Lucara’s strategy irked people in the diamond trade, because it bypassed them. Hoymans, the Antwerp broker, believes that the decision to take the Lesedi La Rona to auction was a mistake, and perhaps a political one. “It is difficult to reach out to a group of people that don’t have the expertise to look at diamonds,” he told me. “With exceptional stones, it’s best to stick to your business-to-business environment.”
Graff, the London jeweller, often buys rare and large stones, and its eighty-one-year-old owner, Laurence Graff, is considered a bellwether for the industry. According to several sources, Graff was particularly vexed by Lucara’s decision to take the Lesedi La Rona to Sotheby’s. Lamb told me that Graff’s irritation was amplified by the fact that his company had been outbid by the Dubai firm on the Constellation. Graff denies that he was upset, and told me, by e-mail, that he had passed on the Constellation. “We inspected the Constellation,” he wrote. “The rough lacked life and we were not confident that it would produce top quality diamonds.” Graff admitted that he had found Lucara’s decision to take the Lesedi La Rona to auction unusual. “This industry has decades of established traditions and processes,” he said.
When the Lesedi La Rona went on display at Sotheby’s, it was advertised as a likely “D color” stone. The Gemological Institute of America has a ranking system for grading the hue of diamonds, and the scale ranges from D, for colorless, to Z, for light yellow or brown. Lamb and others at Lucara felt that several diamantaires, including Graff, were vocally dismissive of the Lesedi La Rona’s quality. (Graff denies this.) There was a rumor that the stone might actually be an inferior E color. It was possible for the rumor to take hold only because the stone was too large to fit in a normal scanner. By the time of the sale, Lamb believed that the old diamond world had turned against Lucara’s stone.
Graff, in his e-mail, acknowledged that he had doubts about the Lesedi La Rona. “I knew it was a very, very special diamond,” he explained, adding, “Until this analysis stage is complete, we can never be 100% certain of a diamond’s properties.” He went on, “With a rough stone as large as the Lesedi La Rona, you can never be entirely sure exactly how it will polish and what it will yield, and there is always great risk.”
Lucara put a reserve price of seventy million dollars on the Lesedi La Rona. If the price-per-carat range of the Constellation was reached, the stone would sell for eighty-six million dollars. Privately, some at Lucara thought that the record-breaking nature of the diamond might allow it to fetch a hundred million, or more. Sotheby’s evidently shared this view. The structure of the auctioneer’s arrangement with Lucara meant that it would make very little commission on the diamond until the price reached a hundred million dollars; once that threshold was crossed, Sotheby’s would receive a substantial payment.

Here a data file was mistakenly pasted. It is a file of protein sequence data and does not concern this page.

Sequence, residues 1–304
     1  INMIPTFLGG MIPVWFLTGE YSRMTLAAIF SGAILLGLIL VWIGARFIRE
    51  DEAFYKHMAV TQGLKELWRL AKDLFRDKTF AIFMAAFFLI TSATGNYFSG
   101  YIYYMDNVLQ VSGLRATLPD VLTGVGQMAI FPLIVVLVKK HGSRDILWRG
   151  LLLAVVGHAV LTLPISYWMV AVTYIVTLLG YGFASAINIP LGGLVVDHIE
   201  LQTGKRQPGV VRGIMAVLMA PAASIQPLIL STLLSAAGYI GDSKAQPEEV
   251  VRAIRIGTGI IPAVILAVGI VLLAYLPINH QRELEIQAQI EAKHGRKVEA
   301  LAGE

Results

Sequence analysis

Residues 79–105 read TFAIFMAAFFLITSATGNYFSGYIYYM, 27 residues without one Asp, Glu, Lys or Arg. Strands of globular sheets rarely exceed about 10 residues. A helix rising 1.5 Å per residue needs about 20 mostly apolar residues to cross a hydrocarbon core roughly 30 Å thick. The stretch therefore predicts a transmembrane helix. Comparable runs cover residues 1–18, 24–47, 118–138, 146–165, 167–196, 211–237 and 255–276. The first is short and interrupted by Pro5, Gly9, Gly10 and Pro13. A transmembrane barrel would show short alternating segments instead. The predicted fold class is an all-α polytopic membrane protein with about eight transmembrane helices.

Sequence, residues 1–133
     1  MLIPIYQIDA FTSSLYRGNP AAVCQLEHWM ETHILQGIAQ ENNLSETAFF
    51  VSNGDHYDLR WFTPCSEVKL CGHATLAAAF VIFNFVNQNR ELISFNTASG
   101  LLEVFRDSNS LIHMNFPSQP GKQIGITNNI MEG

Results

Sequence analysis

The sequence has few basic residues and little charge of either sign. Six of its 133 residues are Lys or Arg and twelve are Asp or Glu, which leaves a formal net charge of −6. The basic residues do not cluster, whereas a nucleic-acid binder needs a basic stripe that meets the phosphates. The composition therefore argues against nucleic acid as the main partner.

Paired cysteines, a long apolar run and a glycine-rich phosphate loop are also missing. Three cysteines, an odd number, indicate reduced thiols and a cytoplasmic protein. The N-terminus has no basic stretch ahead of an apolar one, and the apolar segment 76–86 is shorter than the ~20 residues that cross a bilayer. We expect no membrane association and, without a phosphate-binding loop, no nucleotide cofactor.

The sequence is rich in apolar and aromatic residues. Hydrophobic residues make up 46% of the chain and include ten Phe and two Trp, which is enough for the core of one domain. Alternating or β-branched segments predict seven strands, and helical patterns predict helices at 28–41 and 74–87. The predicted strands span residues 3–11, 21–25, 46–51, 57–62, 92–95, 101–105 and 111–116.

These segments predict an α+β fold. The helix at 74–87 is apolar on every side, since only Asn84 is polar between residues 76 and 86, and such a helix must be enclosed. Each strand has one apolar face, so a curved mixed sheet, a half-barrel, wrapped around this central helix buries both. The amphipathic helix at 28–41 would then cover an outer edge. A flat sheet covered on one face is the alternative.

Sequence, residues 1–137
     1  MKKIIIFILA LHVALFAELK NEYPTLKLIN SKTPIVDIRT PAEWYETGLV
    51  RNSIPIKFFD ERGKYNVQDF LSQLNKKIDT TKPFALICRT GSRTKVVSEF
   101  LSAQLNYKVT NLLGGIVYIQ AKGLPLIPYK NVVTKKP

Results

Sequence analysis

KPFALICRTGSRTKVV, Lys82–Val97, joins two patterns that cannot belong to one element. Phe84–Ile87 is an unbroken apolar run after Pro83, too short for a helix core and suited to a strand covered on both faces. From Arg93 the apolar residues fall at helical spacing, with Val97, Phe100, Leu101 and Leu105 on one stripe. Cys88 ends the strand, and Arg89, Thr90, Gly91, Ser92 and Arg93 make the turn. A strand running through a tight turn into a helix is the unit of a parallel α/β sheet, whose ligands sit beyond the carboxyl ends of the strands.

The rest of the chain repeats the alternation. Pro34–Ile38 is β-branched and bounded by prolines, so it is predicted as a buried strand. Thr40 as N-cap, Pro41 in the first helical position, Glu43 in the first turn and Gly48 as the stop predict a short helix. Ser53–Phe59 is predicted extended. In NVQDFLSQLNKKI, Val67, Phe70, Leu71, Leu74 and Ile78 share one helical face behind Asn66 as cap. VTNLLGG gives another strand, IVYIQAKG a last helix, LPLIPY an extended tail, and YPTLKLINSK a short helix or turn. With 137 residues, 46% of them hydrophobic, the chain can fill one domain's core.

Eira Thomas and her father travelled to London for the Sotheby’s auction, as did Lukas Lundin and William Lamb. Representatives from Graff and its principal manufacturer, Johnny Kneller, sat two rows behind the Lucara party. In the end, the highest bidder offered sixty-one million dollars—well below the reserve price. Graff did not bid. The stone went unsold. After the auction, Lamb recalls, Kneller and others from Graff descended on him “like sharks on a piece of meat,” saying, “We need to talk.”
“I have nothing to say to you,” Lamb replied.
“Laurence played the game of chess perfectly,” Eira Thomas told me. “We didn’t know we were even playing chess.”
Lucara’s management team decided to take the botched auction as an occasion to learn something new. Recently, Thomas launched a digital sales platform, called Clara, which allows rough diamonds to be sold individually to retailers. (To insure that financial transactions are secure, the platform uses blockchain technology.) The platform works on the basis that every diamond has a unique shape and color, which means that it is possible to create a digital signature for each stone, and to detail its provenance. If successful, Clara will pose a threat to the old diamond world, because suppliers can reach buyers without an intermediary. The platform is growing fast, although there are no signs yet that it will supplant the traditional tendering process. Catherine McLeod-Seltzer, the co-founder of Lucara, told me that you can draw a line directly from the Sotheby’s disappointment to the creation of Clara. “Somewhere in the subconscious of Eira, that was the seed,” McLeod-Seltzer said.
Thomas had no cell-phone reception when Naseem Lahri, Lucara Botswana’s managing director, tried to share the news of the Sewelô find. Hours later, Thomas and the girls got hungry, and they stopped at the Little Creek Grill, in the small town of Princeton, for lunch. The restaurant had reception, and Thomas’s phone was suddenly inundated with images of the diamond. She was initially unimpressed. “The stone looked like an avocado,” Thomas told me.
Eventually, she became more excited, and it is now her favorite stone. “It’s an enigma,” Thomas told me. “It’s not as pretty as the Lesedi or the Constellation. But, to me, it’s more valuable.”
The diamond would not fare well at a traditional tender, Thomas explained, because it was impossible to see exactly what might be inside the stone until “windows”—polished panes—had been cut into it. (Black diamond is usually much less valuable than white diamond.) She estimated that the sales value of the Sewelô at tender might have been anything from two to twenty-five million dollars, but she was not interested in selling the diamond that way. She wanted to use the sale and the manufacture of the Sewelô to draw attention to wider issues, not least the relationship of the diamond industry to the nation of Botswana.